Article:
Wrist strain or wrist sprain pain? The mechanics & diagnosis of the wrist.

image of person holding their wrist in pain

Wrist strains and wrist sprains are common injuries affecting the muscles and ligaments. Most can be treated at home without seeing a GP.

A wrist sprain occurs when the strong ligaments that support the wrist stretch beyond their limits or tear. This occurs when the wrist is bent or twisted forcefully, such as caused by a fall onto an outstretched hand. Wrist sprains are common injuries. They can range from mild to severe, depending on how much damage there is to the ligaments.

Ligaments are strong, fibrous tissues that connect bones to other bones. The ligaments in the wrist help to keep the bones in proper position and stabilize the joint.
Sprains can range from a stretch or tiny tear in the fibres that make up the ligament to a complete tear through the ligament or its attachment to the bone.

Grade of wrist sprain

Sprains are graded, depending on the degree of injury to the ligaments:

Wrist strain or wrist sprain pain? The mechanics & diagnosis of the wrist. | wrist strain,wrist sprain,pain,diagnosis
Wrist strain or wrist sprain pain? The mechanics & diagnosis of the wrist. | wrist strain,wrist sprain,pain,diagnosis


Wrist sprains are caused most often by a fall onto an outstretched hand. This might happen during everyday activities but frequently occurs during sports and outdoor leisure activities. You may sprain your wrist if you fall onto an outstretched hand.


A sprained wrist is painful. Other symptoms may include:

Even a wrist injury that seems mild with minimal swelling could still involve a torn ligament or a small fracture

Therefore, after treating at home if symptoms persist medical help should be sought out. If you believe your injury is severe seek out medical assistance as soon as possible.


Treatment for a wrist sprain depends upon the severity of the injury.

Home Care

Mild wrist sprains will usually improve with home treatment that includes the RICE protocol:

Additionally, nonsteroidal anti-inflammatory drugs (NSAIDs), such as aspirin or ibuprofen, can help reduce pain and swelling. If pain and swelling persist for more than 48 hours, however, see a doctor.

Nonsurgical treatment

Moderate sprains may need to be immobilised with a wrist brace for one week or more. Because immobilization may cause some stiffness in your wrist, your doctor may recommend some stretching exercises to help you regain full mobility.

There are a variety of wrist braces on the market and although at first glance they look to be simple wrist braces, there are a lot of factors to take into consideration.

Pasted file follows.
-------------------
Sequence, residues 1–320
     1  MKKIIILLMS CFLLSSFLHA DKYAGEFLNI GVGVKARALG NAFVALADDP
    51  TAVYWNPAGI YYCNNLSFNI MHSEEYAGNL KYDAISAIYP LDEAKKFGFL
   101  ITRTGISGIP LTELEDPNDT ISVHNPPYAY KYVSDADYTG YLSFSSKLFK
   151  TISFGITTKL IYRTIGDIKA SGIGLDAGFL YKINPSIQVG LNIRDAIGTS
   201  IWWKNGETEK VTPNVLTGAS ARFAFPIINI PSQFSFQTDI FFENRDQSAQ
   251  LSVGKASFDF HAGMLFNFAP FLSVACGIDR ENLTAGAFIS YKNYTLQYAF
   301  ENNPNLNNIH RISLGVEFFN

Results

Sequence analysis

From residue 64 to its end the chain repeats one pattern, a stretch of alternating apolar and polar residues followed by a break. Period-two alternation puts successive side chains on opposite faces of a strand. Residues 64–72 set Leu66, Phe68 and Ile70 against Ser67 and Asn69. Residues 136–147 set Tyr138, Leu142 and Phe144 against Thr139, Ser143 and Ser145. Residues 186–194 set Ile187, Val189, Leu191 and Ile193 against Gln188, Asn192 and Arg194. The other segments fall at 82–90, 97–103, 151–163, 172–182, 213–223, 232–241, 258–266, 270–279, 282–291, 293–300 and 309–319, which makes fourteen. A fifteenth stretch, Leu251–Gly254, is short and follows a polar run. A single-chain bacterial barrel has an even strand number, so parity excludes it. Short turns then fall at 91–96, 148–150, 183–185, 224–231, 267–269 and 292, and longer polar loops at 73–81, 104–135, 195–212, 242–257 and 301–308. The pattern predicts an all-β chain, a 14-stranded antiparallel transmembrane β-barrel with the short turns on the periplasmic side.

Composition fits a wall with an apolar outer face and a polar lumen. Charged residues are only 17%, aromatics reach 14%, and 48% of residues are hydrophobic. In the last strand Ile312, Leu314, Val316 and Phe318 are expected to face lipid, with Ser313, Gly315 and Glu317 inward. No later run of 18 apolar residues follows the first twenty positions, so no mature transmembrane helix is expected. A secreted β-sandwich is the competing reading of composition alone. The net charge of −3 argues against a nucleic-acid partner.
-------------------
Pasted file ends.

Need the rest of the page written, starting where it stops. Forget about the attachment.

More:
Make sure you get an appropriate fit. There are two types of Wrist Braces, Wrist and Wrist/Thumb. If you have injured your wrist, you do not require a Wrist/Thumb brace. You only require a Wrist/Thumb brace when your thumb is affected by your injury.

Make sure the webspace (the space between the thumb and the index finger) is free to allow thumb and finger movement. Make sure the brace conforms well around the wrist and is contoured along the forearm. Cheap wrist braces will be the same circumference along the whole length meaning they will dig in on the forearm. Lastly, consider the length as most braces come in a standard length which means the support will be inadequate for people with longer arms.

Support Fit

Wrist strain or wrist sprain pain? The mechanics & diagnosis of the wrist. | wrist strain,wrist sprain,pain,diagnosis


As with anything be prepared to pay a little more for quality. Generally, they will fit better and last longer.


NHS wrist braces are beige to look as neutral and discreet as possible, however that does not mean your wrist braces needs to be. Look for suppliers who offer a variety of colours if that is what you want. Children are often happier to wear a wrist brace if it is a colour they have chosen, making it easier to for parents and carers to keep up with the treatment. Be sure that it is in the material you want, however not all materials will come in all colours and you want a brace that helps provide you with excellent support and stability.

Surgical treatment

If your injury is more severe you may require surgical treatment.

Severe sprains may require surgery to repair the fully torn ligament. Surgery involves reconnecting the ligament to the bone or using a tendon graft to reconstruct the injured ligament. Your doctor will talk with you about which option is best in your situation.

Surgery is followed by a period of rehabilitation that includes exercises to strengthen your wrist and restore range of motion. Although the ligament usually heals in 8 to 12 weeks, it can take from 6 to 12 months for a full recovery. The length of the recovery process and your outcomes will depend on the severity of the sprain. You may be required to wear a wrist brace during some of this phase as well.

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